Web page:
For the News & Advice section, I approached it as someone who needed to buy insurance, but was uncertain which kind would be best, which seemed a good standard to cover the “unique needs for car-shopping/buying information,” mentioned in the assignment.

I rated each on a scale of one to five for two criteria: easy of use (how quickly could I get to the relevant information?) and completeness of information (did I find out everything I needed to know?). I provided a table for each, below the analyses.

NEW CAR BUYING

The Edmunds home page did not have easy access to the models. It required a stab in the dark. I first looked at the Dodge Magnum. The only photo was of the car’s trunk. Looking at another car, I eventually gave up as the photo took too long to load. I wound up with the 2005 Chrysler 300. Reasonably informative, though again I had to take a moment to figure where to go to get pricing information. From there it was sensible, but each page took longer to load than was desirable. The final price quote window hung and never finished loading.

KBB was easier to navigate and loaded faster. I would have liked to have seen more options before having to choose a maker. I wound up very quickly at the 2005 Scion xA. The info page was sensibly organized, easy to understand, and the photos were well done and easy to view.

Autotrader had a very clear indication right off the bat where to go if one were undecided. “Not sure where to start?” Quickly, however, the plethora of choices would lead a nervous buyer into a morass of choices. Better to have a clear path with obviously marked side-trails on the way to the purchase. I kept expecting the various guiding-questions to be online, so that I could keep my forward momentum, but they were not linked to a forward-moving process. After searching, I wound up at “Search By Body Style.” From here things were easier. I think this site could be infinitely better if that impulse toward a conversation with the undecided buyer were conducted online and onsite, helping the customer forward.

Autobytel’s home page was clear and navigable. I elected to search by price (the search criteria are clear and complete). I went with the Mustang GT Convertible. Every step of the way, my options were clear to me. Getting a price quote was the easiest so far.

The Subaru site was lightning fast and initially easy to navigate. However, it quickly got messy. Having to discern between almost 30 tiny photographs to choose your model is not very friendly. The model highlights and 360 views were very stylish, though a bit visually noisy. I chose a basic package Impreza and wound up quickly with a price and a set of local dealers.

Like Autotrader, cars.com had an immediate place for the undecided to start, Research. I went to the New Car Buying Guide and selected, by model type, an SUV. I chose compact, and noticed the Best Bets. After looking at the offerings, I backed up to look at the Forester through the Best Bet link. The Snapshot was a nice feature. I was able to access the information quickly. I chose the XS. I would have liked to have gone forward to dealers without having to back up, but it was not difficult to get to the Quote. I was slightly disappointed as the Forester was shown in a blue color which was not available, so I chose red, and my options, and asked for a quote at which point I was given a dealer in my area.

Conclusion: It seems a little too handy, perhaps, to chose cars.com as the leader in terms of both ease of use and completeness of information, but hopefully the criteria and my selection process will be easily duplicable. The facts are: I got more information, quicker, in better organized, easily-loading pages than with the other services.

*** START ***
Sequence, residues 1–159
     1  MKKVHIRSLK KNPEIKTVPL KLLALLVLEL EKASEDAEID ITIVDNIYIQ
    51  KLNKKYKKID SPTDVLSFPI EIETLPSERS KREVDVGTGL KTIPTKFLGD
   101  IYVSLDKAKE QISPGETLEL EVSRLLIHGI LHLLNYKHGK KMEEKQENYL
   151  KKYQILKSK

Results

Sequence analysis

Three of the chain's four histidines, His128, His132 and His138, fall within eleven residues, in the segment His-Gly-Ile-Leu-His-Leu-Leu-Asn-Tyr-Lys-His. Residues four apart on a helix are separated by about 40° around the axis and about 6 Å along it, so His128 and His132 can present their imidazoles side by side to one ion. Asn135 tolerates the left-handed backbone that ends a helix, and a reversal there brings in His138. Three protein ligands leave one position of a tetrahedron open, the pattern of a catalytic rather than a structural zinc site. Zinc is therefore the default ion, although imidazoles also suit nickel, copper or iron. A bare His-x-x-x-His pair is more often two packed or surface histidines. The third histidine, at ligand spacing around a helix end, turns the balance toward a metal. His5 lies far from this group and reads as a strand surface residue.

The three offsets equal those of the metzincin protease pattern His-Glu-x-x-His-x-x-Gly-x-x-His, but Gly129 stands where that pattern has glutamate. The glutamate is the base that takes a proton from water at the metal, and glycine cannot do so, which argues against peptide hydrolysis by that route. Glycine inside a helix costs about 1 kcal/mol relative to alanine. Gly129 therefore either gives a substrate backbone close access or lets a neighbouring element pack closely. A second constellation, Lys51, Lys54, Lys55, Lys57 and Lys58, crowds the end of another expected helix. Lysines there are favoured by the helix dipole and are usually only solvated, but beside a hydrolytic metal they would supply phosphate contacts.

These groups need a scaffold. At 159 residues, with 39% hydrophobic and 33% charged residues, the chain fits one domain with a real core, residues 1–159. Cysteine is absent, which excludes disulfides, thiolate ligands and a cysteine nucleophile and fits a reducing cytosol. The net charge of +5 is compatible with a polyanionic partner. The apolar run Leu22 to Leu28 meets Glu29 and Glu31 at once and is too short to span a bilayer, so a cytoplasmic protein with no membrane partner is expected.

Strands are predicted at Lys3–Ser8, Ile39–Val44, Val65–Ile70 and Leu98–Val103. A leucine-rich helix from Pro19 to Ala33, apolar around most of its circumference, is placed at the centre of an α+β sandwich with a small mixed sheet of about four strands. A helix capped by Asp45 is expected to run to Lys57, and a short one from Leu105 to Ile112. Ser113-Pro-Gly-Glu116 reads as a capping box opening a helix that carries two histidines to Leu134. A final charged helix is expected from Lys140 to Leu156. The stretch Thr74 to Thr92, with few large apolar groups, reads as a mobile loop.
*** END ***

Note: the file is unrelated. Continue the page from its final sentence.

NEW CAR BUYING GUIDES – Undecided Customer

SITE

EASE OF USE

COMPLETENESS

TOTAL SCORE

Edmunds.com

2

2

4

KBB.com

3

3

6

Autotrader.com

2

3

5

Autobytel.com

4

4

8

Subaru.com

2

4

6

cars.com

4

5

9

Biotechnology research site

Site

Organization

Appearance

Content

Cambia

Good-all aspects that one could want look accessible and are rationally organized

Excellent-the color scheme and grid markings are both handsome and communicate information about the content of the site

Good-the material behind the R&D tab could go deeper

BIOS

OK-it’s a bit busy; some of the material could be placed behind tabs at a lower level; also, no informational center to navigate from; well done in terms of navigating to the different aspects of the site (tabs); also, the press could be moved off the main page (you could cull a few quotes for the front page)

Institutional-a bit on the gray side; it couldn’t hurt to add a little color and some graphical interest; the subject matter is inherently interesting and that should be communicated more clearly; the multilingual graphic is appealing, perhaps it could be made more central and tied together with a more lush graphic like Cambia has

A little dry-the language could be made a fresher without losing the exactness necessary for the science

Bioforge

Very good-best of all the sites; the center well is very effective; the margin boxes give immediate orientation

Nice-the ‘forge’ graphic communicates; still wouldn’t mind a hint more lushness

Good-love the vibrant forums; the language does slightly more “tale-telling” that creates psychological “openings” into the system – fantastic idea by the way

ALL

The only site to have clear “what is this site” language is Cambia; regardless of the level of user sophistication, every site should have this “coda”

The tabs feature is very practical, though it may be a bit outdated looking; if the same usability could be achieved with a different feature, it might be worth looking into

As with any three sites, it ranges, in this case from the dry to the welcoming; it might behoove all three to have a shared voice (acknowledging they each have different functions)